Since it’s dealing with such small amounts of money, this is a great plan for people who don’t have a lot of excess cash in their budget. Of course, the trade-off is that at the end of the year, you’ve only put away a little over a grand. Not a small amount, necessarily — it’s a great start to an emergency fund or a Roth IRA if you don’t have one yet — but not a lot either. If you have the income to support it, consider throwing a multiplier into the mix. Contributing double or triple the amount called for by the plan will greatly increase the amount you have saved at the end of the year.
Reverse 52 Week Savings Plan
This plan is almost identical to the plan above, except you work backwards, starting with the largest contribution to your savings account and decreasing your contribution from there. The first week of January, put $52 into your savings account. The next week, put $51 in, and so on, until you’re just adding a single dollar the last week of December 2014. There’s some advantages to this — it gets your biggest contributions out of the way early on, and it just gets easier from there. Money can be tight during the weeks leading up to Christmas, so by the time you get there, you’re only responsible for contributing a few dollars a week to your plan.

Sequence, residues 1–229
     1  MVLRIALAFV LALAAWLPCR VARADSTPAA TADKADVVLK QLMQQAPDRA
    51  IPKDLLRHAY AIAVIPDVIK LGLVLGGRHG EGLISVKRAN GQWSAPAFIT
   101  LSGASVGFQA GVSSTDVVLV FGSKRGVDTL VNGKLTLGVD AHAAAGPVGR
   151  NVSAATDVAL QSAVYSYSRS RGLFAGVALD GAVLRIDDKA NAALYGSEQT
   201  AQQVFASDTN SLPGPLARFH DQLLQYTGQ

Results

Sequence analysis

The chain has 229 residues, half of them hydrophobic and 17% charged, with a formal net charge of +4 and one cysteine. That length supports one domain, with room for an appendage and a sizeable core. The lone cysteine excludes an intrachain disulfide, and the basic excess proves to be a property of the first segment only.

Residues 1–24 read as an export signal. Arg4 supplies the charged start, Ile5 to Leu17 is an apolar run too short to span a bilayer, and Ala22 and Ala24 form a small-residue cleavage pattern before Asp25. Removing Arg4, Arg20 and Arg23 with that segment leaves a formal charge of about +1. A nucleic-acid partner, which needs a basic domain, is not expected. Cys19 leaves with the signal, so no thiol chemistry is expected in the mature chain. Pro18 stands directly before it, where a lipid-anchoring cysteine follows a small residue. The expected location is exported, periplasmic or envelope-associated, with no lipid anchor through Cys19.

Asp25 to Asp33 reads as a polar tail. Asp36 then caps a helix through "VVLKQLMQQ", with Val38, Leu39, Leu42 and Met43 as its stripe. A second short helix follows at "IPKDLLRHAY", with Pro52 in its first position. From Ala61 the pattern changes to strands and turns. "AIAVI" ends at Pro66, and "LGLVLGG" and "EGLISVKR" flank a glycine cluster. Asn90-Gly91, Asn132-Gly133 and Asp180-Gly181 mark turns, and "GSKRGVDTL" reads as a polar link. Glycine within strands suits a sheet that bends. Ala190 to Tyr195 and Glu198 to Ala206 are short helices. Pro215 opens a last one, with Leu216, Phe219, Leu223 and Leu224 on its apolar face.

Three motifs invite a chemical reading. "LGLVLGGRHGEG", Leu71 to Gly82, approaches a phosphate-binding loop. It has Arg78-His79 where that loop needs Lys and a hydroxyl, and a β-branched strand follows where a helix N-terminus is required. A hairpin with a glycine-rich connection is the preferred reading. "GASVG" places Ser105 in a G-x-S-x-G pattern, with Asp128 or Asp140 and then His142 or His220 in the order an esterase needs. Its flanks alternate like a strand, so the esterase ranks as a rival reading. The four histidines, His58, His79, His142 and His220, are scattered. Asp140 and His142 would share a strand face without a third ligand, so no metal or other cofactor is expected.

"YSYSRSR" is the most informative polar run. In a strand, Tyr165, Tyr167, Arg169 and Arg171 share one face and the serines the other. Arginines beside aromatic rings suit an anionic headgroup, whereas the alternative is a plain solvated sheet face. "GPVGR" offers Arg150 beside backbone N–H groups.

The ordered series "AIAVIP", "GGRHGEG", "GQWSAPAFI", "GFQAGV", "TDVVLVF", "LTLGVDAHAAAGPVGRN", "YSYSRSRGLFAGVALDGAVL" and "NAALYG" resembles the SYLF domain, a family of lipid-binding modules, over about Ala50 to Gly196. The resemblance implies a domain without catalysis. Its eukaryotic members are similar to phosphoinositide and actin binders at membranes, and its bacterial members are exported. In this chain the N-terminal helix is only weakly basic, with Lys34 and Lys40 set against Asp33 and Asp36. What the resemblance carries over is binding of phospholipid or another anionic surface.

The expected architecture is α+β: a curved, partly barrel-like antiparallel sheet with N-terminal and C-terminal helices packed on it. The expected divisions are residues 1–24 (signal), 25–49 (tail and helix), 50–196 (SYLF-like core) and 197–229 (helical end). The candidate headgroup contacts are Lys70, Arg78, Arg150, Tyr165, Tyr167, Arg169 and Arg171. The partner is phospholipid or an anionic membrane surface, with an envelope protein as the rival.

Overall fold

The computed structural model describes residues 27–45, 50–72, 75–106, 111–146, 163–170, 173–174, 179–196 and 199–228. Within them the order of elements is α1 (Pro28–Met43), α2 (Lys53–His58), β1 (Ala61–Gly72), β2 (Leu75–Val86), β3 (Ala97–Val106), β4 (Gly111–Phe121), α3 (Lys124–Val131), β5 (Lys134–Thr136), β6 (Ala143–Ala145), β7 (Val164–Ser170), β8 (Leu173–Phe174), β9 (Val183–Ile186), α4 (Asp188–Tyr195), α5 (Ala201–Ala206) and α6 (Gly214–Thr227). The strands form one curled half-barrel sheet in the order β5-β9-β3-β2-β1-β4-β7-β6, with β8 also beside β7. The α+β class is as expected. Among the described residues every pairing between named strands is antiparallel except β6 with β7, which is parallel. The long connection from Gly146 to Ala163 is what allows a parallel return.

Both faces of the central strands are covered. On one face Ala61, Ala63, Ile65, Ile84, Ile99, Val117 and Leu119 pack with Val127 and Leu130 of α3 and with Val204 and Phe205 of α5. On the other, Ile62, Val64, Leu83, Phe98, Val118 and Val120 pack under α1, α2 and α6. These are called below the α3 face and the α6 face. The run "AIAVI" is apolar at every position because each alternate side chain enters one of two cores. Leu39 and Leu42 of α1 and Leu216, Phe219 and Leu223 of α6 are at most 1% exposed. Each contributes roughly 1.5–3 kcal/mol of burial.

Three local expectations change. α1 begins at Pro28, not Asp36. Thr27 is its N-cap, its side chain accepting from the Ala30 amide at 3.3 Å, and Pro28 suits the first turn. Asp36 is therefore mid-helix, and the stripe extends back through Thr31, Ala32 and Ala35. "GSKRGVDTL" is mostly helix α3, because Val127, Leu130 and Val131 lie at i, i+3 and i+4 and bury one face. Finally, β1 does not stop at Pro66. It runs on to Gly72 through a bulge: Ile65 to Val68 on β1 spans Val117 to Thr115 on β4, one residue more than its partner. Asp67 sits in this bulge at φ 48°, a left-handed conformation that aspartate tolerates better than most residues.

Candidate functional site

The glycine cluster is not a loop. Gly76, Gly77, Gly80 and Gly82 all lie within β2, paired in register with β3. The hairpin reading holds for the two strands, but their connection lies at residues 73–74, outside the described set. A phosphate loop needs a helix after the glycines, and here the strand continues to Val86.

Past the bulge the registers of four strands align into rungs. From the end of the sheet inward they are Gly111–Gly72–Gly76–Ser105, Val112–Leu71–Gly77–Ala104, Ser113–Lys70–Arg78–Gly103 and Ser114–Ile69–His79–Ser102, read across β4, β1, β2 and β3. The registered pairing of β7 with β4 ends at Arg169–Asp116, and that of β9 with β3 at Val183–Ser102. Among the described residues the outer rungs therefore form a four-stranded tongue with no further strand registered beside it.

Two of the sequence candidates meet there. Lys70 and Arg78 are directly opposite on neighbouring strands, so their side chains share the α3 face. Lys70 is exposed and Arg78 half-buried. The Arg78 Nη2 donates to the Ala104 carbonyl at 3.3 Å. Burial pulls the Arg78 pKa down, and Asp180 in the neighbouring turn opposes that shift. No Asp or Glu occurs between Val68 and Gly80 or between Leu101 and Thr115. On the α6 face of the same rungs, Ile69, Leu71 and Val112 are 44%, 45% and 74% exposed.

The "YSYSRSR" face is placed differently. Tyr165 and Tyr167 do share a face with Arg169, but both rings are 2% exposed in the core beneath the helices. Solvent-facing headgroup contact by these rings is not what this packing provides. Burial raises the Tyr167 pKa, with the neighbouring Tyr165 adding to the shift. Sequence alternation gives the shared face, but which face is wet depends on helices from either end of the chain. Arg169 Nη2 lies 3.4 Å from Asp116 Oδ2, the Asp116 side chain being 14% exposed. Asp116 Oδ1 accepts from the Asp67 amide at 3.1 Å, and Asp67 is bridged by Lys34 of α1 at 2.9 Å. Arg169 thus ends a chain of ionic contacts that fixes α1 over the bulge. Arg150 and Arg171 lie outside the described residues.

On the other hand, it requires you to find that extra money right after Christmas, which isn’t necessarily a bad thing. If you received any cash for Christmas, it’s readily available to fund your early contributions instead of getting blown on yet another gadget, or maybe you could sell or return some gifts you don’t care for to raise the extra cash.
The $25 Savings Plan
This is one is simple. Just put $25 into your savings account every week for all 52 weeks of 2014. Why $25? It’s a nice round number that happens to be just a dollar or two off from the $26.70 average contribution in the standard 52 Week Savings Plan. The total saved is a tad less ($1300.00 at the end of the year), but this plan has the benefit of simplicity and stability.